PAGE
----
I want to share with you the quaint story of how our two ponds had their unusual beginnings in 1964. Most of us, at one time or another, have enjoyed a memorable experience at one of the two sites. The late John Buppert was frequently seen with his biology students gathering “specimens” from his canoe. I was invited to share with them the tricky art of fly fishing. For the fresh water enthusiasts, neighbors and students, many a bass, bluegill or crappie has provided a thrill and good eating. And, oh yes, there is pond hockey. After fifty years +, it is still as alive and well as ever. Just ask our prefect of studies, Gary Scholl. And lastly, our ponds are home to the ever-growing Canada geese families. It wouldn’t be the same without them!
But now, let the story be told by Ray Wanner, John Carroll’s youthful first President…
“It was a fall afternoon in 1964, as I recall. School Architect, Tom Gaudreau and I were sitting on a rise near the Sisters of St. Joseph Convent, now called St. Joseph’s Hall. With the exception of the classroom building on the far side of the property, the rest of the school (gymnasium, auditorium, cafeteria, library and chapel) was a worksite, as were the playing fields directly beneath us. We were discussing final design details.”
“Tar, Tom’s black Labrador retriever, was exploring the far reaches of the property and had just splashed through a muddy puddle when Tom said ‘Ray, wouldn’t it be great to have a lake on the property? Tar could swim in it and you could bring your Lab up here and teach him to retrieve! But more than that, it would enhance the beauty of the property if we can work it out architecturally. I would need a careful study of the water run-off and drainage patterns, but I think a good-sized pond could go here, just beyond the convent. And, as I look down the hill, we could have a lake fill in that depression at the lower end of the property to the right of and below the running track site. We can put a little rowboat on it, stock it with fish and use it to gather specimens for the biology classes. And we can design a little island in the middle where you can escape from everybody! I think we can do it! The cost would be modest and can be rolled into the grading budget.’ ”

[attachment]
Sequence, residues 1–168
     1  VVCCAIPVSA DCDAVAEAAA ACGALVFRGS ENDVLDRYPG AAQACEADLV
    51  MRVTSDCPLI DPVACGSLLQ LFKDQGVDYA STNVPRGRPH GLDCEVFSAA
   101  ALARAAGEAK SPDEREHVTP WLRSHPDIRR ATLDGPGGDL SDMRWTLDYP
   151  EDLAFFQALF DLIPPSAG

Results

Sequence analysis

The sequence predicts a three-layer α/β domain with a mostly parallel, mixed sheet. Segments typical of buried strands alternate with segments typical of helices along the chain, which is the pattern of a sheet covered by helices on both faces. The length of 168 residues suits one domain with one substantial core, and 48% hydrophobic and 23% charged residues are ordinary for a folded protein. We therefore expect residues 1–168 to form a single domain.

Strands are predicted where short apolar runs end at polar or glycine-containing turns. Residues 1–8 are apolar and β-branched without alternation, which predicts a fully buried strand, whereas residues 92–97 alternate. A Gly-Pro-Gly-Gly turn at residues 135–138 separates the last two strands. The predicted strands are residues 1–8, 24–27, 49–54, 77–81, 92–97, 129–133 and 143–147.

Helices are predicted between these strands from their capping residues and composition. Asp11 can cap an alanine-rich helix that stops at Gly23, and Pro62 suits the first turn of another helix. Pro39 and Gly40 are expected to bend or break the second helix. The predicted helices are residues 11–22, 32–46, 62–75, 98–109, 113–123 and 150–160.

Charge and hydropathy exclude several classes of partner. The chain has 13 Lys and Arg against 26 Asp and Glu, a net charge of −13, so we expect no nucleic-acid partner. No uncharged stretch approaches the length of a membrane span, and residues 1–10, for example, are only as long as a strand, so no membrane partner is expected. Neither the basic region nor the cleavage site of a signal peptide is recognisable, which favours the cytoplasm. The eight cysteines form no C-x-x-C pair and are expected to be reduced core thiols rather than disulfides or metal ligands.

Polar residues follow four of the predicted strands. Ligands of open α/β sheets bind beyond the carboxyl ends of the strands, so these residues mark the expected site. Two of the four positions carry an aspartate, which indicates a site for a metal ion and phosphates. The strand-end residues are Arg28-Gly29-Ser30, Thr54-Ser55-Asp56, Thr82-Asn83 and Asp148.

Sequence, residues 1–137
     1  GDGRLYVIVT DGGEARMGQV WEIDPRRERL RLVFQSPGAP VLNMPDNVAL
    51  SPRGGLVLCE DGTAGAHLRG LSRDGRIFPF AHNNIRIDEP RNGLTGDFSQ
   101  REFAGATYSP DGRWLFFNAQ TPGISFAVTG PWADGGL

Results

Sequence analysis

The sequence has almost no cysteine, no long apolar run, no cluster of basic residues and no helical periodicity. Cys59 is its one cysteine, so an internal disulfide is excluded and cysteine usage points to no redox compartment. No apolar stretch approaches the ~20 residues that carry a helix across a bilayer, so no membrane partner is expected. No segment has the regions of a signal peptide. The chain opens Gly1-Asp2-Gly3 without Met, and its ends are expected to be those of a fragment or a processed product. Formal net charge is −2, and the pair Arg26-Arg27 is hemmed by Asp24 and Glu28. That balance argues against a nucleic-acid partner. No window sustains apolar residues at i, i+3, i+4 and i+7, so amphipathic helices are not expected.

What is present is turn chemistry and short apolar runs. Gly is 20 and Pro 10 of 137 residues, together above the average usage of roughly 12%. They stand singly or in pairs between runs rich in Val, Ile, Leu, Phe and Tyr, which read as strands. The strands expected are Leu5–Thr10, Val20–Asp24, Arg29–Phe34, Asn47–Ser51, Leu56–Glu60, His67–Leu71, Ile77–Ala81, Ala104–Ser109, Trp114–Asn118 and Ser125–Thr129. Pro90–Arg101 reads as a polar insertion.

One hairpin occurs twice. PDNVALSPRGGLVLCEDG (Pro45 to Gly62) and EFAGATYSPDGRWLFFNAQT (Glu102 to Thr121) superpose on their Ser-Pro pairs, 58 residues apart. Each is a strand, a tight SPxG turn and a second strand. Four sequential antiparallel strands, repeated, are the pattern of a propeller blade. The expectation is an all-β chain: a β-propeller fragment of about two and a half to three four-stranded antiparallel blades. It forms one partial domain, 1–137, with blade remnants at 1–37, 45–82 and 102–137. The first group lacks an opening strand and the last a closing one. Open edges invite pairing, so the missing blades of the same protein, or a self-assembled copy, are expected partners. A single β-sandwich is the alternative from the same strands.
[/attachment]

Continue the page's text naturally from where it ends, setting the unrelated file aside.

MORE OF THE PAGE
“A lake,” I said, “Two lakes! I thought lakes were natural things. One didn’t just sit on a hillside with a friend and casually say ‘Let’s create a lake!’, or better yet, ‘Let’s create two of them!’ “What will the Cardinal say?” ‘Ray’, Tom said, ‘The Cardinal will say nothing because we won’t tell him! And we most certainly won’t tell him that we will name the larger, lower lake “Lake Wanner”! It would be wrong to burden him with details like lake-building!’
“And so, gentle reader, this is the story of the John Carroll lakes. Two young guys in their 30’s, one an architect, the other a priest, saying 45 (now 53) years ago, ‘wouldn’t it be cool to build two lakes! Do you really think we can get away with it?’”
“It was cool! And we did get away with it!”
Ray Wanner – 5/26/2008jc